Numerous studies have established that application of primers significantly improve the bond strength of the acrylic resin to the cast metals, Ti-6Al-4 V, CP-Ti, composites, and ceramics.[8],[9],[10],[23],[24],[25],[26],[27],[28],[29],[30],[31],[32] However, the comparative evaluations of bond strength between acrylic resin and Ti-6Al-7Nb with the use of Tokuyama primer and GC II metal primer have never been documented. In the present study, the tensile bond strength of Ti-6Al-7Nb to acrylic resins was significantly (P< 0.001) improved by primer application compared to control group [Graph 1]. The mean tensile force was maximum for Group 2 (28.58 ± 39.40 N) and minimum for control Group 3 (6.24 ± 10.97 N), thereby showing a statistically significant intergroup difference (F = 41.966; P < 0.001) Therefore, both Tokuyama primer and GC II metal primer had a statistically significant effect on improving the bond between the autopolymerizing denture base resin and Ti-6Al-7Nb, which can make this alloy feasible for use in removable prosthodontics.

However, as tensile bond strength is not the only factor that may influence the durability of resin-metal bonds, so careful interpretation in the clinical application of these results is suggested, as the design of the present study, did not consider factors existing in the oral environment, such as dynamic fatigue loading and pH changes. The efficacy of the tested systems in providing reliable bond strength needs to be confirmed by long-term clinical studies.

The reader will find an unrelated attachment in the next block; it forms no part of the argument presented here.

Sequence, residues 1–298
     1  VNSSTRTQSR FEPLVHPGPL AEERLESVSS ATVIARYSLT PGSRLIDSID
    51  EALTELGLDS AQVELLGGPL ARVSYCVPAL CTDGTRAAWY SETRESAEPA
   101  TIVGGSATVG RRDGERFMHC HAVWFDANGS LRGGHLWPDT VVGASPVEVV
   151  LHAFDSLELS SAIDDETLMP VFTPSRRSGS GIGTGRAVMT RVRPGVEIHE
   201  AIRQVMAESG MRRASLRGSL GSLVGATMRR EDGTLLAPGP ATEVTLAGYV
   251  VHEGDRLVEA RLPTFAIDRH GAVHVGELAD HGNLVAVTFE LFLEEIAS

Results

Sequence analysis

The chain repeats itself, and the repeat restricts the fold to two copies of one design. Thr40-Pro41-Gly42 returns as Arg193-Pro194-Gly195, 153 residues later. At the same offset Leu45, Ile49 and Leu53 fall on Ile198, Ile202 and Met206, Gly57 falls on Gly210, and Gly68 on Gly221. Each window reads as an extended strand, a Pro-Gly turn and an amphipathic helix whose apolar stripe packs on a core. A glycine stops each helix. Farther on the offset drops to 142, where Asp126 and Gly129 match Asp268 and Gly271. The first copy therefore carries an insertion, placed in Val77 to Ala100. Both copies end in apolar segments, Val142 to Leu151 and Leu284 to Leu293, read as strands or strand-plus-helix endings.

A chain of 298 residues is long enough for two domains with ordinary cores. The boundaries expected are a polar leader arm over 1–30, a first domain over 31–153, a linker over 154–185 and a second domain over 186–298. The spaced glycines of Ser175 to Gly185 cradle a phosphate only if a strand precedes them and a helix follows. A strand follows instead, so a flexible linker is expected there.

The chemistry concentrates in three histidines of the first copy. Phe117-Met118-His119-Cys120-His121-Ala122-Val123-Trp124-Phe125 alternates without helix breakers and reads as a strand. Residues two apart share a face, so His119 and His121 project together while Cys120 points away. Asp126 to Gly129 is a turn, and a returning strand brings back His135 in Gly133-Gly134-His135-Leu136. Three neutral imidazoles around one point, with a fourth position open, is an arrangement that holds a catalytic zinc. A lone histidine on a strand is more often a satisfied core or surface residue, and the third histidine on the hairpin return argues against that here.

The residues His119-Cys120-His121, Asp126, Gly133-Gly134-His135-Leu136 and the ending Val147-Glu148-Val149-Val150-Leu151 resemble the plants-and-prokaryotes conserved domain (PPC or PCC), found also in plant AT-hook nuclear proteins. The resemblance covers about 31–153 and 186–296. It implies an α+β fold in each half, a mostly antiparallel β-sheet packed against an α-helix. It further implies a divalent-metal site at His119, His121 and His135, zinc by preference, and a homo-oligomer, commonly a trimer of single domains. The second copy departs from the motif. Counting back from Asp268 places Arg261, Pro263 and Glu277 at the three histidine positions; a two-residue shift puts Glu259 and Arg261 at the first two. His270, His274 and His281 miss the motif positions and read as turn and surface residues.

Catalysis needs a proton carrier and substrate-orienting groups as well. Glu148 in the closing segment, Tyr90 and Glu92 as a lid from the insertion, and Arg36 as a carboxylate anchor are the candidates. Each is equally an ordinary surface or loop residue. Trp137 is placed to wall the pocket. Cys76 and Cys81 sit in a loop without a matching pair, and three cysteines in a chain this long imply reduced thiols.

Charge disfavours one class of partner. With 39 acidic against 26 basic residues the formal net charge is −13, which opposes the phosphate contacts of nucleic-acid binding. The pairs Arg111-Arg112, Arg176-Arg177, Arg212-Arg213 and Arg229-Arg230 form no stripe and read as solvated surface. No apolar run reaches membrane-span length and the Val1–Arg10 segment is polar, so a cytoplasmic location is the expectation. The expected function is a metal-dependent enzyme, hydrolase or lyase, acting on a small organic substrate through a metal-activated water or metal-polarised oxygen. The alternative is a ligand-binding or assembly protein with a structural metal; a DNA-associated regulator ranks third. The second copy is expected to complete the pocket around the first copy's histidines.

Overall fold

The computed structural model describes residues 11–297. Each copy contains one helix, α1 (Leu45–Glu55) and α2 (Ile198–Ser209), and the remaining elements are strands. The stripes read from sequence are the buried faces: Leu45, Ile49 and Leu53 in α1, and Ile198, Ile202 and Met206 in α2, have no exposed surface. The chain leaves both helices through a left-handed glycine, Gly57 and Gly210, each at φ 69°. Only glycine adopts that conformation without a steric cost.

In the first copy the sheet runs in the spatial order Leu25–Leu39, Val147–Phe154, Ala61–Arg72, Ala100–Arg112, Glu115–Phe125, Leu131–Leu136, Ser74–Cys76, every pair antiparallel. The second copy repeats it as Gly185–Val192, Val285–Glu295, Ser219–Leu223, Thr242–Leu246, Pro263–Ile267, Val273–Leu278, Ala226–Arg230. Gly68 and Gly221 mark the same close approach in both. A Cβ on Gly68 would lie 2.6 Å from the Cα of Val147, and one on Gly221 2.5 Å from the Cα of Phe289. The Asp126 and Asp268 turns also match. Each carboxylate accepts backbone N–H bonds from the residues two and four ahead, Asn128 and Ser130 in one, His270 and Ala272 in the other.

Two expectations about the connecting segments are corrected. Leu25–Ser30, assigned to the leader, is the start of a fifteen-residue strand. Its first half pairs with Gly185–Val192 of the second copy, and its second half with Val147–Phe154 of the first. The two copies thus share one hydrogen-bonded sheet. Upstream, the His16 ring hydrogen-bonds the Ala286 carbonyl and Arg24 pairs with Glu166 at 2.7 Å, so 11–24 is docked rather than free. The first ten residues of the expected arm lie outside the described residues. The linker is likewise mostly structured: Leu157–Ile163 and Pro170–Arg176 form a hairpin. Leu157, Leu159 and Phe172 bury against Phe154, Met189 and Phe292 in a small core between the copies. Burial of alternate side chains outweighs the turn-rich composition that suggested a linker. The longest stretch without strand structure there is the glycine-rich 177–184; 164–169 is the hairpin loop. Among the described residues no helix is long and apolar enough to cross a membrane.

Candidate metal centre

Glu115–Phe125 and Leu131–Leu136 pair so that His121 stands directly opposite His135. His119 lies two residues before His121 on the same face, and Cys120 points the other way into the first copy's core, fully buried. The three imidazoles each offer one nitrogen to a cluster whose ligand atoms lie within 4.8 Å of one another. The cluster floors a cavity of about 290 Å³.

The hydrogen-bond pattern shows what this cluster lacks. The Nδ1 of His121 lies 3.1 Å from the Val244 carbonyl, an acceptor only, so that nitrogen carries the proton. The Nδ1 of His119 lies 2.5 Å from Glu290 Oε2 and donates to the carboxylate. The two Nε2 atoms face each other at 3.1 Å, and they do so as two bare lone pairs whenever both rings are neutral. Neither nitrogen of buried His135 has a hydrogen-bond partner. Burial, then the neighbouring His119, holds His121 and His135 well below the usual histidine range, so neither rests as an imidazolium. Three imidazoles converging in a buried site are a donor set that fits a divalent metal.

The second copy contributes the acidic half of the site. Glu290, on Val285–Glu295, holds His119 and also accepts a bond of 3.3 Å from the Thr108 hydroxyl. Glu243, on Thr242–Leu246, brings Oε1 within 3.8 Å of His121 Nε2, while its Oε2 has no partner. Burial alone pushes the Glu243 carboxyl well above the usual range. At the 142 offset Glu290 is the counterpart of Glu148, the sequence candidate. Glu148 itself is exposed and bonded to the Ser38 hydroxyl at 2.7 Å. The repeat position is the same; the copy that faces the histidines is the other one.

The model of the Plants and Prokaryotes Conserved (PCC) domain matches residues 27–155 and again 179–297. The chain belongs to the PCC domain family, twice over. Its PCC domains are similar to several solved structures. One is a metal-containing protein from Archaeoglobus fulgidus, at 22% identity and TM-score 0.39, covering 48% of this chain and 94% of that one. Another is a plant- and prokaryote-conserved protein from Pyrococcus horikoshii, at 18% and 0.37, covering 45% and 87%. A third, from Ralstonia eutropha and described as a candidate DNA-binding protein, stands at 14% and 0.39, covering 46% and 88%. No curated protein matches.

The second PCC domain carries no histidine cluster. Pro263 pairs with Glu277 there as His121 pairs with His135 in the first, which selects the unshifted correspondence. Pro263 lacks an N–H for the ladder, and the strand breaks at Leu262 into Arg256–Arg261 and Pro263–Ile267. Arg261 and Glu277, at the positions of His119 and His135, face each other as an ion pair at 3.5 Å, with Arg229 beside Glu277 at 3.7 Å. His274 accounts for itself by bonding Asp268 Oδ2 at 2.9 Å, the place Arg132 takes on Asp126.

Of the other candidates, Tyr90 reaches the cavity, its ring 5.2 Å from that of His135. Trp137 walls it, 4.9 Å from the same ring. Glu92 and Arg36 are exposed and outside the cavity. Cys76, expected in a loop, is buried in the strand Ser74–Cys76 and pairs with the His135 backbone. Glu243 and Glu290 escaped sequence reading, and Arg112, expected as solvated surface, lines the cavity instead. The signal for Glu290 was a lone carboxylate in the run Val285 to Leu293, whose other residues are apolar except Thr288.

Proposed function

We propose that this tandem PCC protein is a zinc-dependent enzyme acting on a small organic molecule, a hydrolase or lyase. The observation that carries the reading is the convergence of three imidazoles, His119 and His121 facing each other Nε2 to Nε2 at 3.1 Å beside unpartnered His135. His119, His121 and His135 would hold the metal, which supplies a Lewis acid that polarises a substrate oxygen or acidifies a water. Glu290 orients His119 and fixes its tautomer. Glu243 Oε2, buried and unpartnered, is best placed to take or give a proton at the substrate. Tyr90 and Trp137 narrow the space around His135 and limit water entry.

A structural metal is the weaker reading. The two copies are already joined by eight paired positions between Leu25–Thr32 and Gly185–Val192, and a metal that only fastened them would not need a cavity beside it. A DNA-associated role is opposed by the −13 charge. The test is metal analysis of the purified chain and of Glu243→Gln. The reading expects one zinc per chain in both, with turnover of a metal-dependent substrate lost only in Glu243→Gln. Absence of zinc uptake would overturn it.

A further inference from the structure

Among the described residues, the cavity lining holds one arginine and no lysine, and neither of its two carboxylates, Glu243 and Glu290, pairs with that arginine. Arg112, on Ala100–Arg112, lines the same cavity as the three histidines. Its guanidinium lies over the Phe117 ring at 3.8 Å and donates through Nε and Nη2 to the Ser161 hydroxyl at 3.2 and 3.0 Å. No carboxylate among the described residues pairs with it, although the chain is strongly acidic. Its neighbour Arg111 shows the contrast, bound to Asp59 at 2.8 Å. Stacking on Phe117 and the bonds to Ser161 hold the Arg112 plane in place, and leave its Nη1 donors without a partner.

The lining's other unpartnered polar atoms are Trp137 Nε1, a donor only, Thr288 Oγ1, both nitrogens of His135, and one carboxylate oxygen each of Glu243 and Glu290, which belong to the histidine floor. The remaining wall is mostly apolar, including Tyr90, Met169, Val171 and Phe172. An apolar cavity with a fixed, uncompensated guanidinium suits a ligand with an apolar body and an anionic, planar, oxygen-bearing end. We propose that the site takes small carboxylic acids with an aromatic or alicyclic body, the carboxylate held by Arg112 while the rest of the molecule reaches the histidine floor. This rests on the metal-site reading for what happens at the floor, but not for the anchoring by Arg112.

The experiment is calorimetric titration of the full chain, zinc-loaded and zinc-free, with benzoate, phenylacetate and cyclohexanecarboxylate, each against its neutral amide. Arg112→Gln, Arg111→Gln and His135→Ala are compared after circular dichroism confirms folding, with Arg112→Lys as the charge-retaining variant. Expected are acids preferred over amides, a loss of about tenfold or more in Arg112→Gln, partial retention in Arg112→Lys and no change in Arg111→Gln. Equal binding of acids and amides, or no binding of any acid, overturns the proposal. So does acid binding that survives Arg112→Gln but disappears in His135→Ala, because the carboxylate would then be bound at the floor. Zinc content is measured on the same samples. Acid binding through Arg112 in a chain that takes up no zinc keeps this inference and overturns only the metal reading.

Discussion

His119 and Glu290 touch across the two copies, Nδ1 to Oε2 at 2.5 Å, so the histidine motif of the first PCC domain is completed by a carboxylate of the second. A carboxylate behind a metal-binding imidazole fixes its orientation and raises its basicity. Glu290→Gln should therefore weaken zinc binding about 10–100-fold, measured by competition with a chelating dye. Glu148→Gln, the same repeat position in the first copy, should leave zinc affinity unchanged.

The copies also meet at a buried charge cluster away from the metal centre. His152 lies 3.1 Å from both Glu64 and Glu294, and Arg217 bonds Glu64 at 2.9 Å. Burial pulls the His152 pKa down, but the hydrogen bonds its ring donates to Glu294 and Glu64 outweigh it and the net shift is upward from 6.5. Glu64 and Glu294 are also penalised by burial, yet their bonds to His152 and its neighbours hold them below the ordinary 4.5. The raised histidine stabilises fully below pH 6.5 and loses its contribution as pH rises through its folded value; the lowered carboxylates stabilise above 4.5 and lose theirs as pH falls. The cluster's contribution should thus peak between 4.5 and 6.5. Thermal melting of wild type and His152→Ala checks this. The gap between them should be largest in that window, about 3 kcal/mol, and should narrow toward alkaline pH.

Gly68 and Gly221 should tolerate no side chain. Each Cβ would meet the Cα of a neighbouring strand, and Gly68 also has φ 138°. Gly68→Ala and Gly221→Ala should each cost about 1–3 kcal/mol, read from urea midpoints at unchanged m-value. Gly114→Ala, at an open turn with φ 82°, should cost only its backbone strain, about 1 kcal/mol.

Conclusions Top


Within the limitation of this in vitro study, it can be concluded that both Tokuyama primer and GC II metal primer had a statistically significant effect on improving the bond strength between autopolymerizing denture base resin and Ti-6Al-7Nb, which can make this alloy feasible for the use in removable prosthodontics as a safe alternative to Ti-6Al-4V.

Acknowledgement

Dr. Sunit Jurel is thankful to Dr Chikahiro Ohkubo, Professor and chairman and Dr. Shigeru Hanatani, Associate Professor from Department of Removable Prosthodontics, Tsurumi University, School of Dental Medicine, Yokohama, Japan.

Financial support and sponsorship

Nil.

Conflicts of interest

There are no conflicts of interest.